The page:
The aim of this work was to correlate the sensory properties of three types of unifloral Chilean honeys with authentic markers from GC/MS analysis. Study honeys were "quillay" (Quillaja saponaria Molina), "corontillo" [Escallonia pulverulenta (Ruiz et Pav.) Pers.] and "ulmo" (Eucryphia cordifolia Cav.). In Argentina, one of the major World honey producers, fetid honeys have been reported due to presence of Discaria Americana Hill. et Hook., Scutia buxifolia Reissek (Rhamnaceae) and Acicarpha tribuloides Juss. (Calyceraceae). These plant species are not in the Chilean flora, and other Rhamnaceae are not important in the pollen frequencies of unifloral honeys from Central Chile (Telleria et al., 2004). On the other hand, Argentine unifloral honeys differ from the Chilean ones, e. g. Tessaria, Ziziphus and Eugenia. Furthermore, Schinus areira L. (Peruvian pepper) has been reported as a honey-producing species from Argentina. However, this cultivated tree in Chile does not appear in the pollen frequency profiles both for uni- and multifloral honeys in that country (Cabrera, 2006; Colaneri et al., 2007). Also, there is a report of chollynergic intoxication due to ingestion of Venezuelan honeys, which include alkaloids from Datura o Brugmansia. This problem is not found in both the multi- or unifloral honeys from Chile (Vit & Barrera, 2002).


Sensorial analysis. Thirteen honey samples were assessed. Samples were taken from either Matorral or Valdivian temperate forest ecoregions, and were collected in 2004 and 2005. From them, three endemic unifloral honeys were sampled for further analysis. Determination of their botanical origin followed Chilean Norm "NCh2981-2005" (Montenegro et al., 2008).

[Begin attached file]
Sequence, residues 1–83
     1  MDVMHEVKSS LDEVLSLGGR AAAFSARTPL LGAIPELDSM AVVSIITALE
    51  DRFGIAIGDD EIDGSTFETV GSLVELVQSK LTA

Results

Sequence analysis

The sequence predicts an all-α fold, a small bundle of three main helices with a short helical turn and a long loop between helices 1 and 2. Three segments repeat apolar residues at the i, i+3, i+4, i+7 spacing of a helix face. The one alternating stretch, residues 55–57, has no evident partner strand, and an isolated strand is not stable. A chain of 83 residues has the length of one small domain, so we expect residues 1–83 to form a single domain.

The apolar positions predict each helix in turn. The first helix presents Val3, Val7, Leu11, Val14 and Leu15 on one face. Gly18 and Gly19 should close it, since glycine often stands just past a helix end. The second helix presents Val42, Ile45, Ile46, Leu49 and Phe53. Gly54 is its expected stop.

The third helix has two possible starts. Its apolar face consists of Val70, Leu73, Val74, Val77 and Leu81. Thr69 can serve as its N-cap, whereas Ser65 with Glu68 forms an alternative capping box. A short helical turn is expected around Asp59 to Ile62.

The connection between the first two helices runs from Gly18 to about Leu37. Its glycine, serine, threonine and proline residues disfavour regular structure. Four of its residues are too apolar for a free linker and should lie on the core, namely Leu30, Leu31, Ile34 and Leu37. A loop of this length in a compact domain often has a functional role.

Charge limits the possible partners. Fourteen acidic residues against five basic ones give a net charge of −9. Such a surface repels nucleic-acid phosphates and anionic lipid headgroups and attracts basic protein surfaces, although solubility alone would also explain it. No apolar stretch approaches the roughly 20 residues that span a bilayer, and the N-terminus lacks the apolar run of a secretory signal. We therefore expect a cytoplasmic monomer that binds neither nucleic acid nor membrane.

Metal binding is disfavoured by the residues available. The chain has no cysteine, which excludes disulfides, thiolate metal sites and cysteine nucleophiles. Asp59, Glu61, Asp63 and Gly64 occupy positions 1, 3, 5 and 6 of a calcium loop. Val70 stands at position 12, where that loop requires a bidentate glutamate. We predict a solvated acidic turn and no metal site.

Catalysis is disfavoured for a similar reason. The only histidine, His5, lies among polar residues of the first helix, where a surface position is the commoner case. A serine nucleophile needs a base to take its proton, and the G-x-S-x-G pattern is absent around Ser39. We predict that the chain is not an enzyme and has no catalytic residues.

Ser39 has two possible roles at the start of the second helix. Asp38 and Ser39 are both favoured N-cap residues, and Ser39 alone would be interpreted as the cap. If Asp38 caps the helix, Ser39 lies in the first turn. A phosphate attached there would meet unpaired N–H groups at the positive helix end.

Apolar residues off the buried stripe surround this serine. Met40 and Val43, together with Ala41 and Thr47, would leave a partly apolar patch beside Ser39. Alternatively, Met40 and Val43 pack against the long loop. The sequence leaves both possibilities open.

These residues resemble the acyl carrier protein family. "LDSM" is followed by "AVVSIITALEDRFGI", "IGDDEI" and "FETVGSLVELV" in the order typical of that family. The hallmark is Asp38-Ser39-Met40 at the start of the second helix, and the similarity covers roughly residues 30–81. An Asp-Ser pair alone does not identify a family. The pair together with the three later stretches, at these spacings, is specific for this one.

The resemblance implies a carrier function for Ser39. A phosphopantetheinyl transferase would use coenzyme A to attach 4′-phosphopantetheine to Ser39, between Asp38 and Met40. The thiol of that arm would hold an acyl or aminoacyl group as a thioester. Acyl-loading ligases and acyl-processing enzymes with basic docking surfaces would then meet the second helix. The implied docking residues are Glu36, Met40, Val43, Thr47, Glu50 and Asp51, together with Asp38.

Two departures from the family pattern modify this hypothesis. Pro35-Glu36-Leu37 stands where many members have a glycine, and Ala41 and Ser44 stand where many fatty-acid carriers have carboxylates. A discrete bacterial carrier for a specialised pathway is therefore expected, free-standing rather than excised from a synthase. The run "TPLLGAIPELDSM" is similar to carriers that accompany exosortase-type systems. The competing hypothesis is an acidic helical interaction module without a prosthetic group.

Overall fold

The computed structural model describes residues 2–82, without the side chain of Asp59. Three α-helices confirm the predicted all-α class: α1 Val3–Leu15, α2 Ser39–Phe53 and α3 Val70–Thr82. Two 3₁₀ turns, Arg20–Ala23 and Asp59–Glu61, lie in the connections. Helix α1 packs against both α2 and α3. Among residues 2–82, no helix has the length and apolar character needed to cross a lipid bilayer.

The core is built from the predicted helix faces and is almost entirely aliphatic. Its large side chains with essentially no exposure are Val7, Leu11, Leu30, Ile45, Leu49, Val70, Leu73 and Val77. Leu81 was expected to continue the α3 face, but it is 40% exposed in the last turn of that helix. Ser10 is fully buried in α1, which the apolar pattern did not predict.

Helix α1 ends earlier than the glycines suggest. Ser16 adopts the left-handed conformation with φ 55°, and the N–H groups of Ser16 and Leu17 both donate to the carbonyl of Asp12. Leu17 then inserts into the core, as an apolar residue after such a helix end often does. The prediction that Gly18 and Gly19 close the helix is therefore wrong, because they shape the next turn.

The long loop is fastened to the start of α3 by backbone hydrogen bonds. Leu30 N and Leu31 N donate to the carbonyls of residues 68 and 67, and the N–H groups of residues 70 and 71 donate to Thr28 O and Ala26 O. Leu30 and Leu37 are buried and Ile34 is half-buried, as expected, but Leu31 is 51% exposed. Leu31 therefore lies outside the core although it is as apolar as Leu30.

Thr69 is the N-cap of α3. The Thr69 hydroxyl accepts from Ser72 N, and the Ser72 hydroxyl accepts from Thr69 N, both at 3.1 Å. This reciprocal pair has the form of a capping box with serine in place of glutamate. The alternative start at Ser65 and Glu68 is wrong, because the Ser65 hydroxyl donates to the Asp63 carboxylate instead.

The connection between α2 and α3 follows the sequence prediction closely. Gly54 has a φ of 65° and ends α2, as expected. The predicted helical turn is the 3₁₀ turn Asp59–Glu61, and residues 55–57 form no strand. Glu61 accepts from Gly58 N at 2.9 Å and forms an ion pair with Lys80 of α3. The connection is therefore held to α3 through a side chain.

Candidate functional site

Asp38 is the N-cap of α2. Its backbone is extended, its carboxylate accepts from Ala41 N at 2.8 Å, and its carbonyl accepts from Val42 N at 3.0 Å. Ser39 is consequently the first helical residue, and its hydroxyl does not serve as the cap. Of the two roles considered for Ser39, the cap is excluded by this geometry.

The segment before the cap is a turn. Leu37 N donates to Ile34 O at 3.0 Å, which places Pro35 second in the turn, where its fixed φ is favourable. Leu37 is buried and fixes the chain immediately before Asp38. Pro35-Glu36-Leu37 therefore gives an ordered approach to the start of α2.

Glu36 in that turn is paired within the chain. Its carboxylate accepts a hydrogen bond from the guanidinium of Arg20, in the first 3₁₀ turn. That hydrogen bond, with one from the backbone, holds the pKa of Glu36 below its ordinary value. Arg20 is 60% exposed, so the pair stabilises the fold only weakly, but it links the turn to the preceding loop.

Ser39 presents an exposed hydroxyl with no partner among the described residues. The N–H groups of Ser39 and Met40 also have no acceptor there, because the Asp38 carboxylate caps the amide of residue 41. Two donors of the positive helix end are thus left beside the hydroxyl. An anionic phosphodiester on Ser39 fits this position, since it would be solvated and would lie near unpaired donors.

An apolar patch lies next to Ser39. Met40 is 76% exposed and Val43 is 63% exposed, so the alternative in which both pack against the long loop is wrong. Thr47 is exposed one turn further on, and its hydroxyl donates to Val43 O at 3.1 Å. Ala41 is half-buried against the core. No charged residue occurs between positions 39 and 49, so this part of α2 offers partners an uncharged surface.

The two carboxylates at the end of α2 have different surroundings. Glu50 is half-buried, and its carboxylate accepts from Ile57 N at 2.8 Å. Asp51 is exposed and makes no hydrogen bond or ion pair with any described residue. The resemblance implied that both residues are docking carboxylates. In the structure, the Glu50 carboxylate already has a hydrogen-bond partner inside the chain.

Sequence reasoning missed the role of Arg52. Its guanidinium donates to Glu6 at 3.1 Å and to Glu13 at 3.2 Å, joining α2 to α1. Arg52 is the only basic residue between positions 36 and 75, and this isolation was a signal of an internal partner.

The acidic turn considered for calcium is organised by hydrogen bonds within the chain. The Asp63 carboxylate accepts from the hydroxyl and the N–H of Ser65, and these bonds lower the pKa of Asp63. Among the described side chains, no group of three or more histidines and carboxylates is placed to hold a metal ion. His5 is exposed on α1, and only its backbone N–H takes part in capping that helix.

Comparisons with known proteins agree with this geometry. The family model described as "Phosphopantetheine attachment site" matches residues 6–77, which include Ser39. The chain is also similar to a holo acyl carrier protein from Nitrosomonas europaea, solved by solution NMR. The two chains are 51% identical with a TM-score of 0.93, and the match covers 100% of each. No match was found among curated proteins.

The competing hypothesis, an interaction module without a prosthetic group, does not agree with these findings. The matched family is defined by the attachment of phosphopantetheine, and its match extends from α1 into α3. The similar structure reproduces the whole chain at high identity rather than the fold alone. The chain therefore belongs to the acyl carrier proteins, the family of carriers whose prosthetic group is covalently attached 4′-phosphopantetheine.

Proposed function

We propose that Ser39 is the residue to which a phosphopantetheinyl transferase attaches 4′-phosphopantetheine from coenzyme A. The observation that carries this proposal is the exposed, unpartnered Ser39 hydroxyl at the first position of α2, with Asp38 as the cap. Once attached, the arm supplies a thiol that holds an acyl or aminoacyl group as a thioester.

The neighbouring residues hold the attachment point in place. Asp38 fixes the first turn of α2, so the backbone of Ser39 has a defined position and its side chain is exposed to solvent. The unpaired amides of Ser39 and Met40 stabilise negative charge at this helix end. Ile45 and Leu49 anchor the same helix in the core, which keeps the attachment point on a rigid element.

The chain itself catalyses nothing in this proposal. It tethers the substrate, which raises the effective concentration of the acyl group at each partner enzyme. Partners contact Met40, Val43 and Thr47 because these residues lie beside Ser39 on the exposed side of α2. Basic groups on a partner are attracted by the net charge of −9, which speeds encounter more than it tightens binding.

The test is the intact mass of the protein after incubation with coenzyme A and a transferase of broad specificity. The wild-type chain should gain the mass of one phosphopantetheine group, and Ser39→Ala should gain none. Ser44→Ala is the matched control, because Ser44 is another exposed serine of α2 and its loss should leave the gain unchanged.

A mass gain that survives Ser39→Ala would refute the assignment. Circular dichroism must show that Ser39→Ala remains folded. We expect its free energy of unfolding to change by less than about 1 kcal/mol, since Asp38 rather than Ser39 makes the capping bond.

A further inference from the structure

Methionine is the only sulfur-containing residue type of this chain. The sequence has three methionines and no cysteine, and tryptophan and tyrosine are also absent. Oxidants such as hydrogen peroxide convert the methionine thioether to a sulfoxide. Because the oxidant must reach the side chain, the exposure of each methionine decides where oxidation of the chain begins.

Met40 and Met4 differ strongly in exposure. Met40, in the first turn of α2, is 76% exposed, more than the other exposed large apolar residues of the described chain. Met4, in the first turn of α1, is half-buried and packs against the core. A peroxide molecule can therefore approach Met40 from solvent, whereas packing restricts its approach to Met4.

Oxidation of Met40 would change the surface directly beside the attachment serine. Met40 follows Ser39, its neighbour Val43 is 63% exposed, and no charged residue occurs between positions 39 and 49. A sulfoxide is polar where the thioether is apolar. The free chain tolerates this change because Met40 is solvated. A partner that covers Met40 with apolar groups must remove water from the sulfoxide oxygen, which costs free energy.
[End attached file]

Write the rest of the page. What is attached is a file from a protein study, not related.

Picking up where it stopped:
Sensorial analysis was carried out by a panel of 15 assessors or tasters, using the scoring monadic method in which each sample is assessed individually using a list of descriptors. Intensity of the perception of the descriptor was indicated from 0 to 9, where 0 corresponds to absence of perception of the descriptor. The descriptive terminology used followed Galan- Soldevilla et al. (2005) and Piana et al. (2004). New terms were introduced when necessary.
During the first nine weeks, the panel was trained by ranking honey samples using the different descriptors. An analysis of multiple comparisons of least significant difference (LSD) was used to determine whether the descriptors used varied significantly or not in the honey samples. Once all the descriptors showed significant differences within the universe of the samples studied, the panel was trained in five sessions, by scoring the intensities of the attributes of the different samples. The discriminative power of each attribute was assessed by ANOVA analysis. Once it was determined that all attributes were discriminant (values <0.05), the formal sessions began with the recognition of standards and honeys typified using melisopalynology. Results were RANOVA analysed using the software Statgraphics®, to determine the discriminative capacity of the descriptors, repeatability, and the consistency of the panel. A principal components analysis (PCA) (Senstools v.3.0®) was subsequently carried out with the descriptors to produce a sensorial chart, and a profile for each of the samples.
Chemical analysis. Three certified unifloral Chilean honeys were selected for further chemical analysis and kept in a cold chamber: "ulmo" (E. Cordifolia; sample numbers 335: from 10th Region); "quillay" (Q. Saponaria; 337: from Santiago Metropolitan Region) and "corontillo" (E. Pulverulenta; 329: from 4th Region).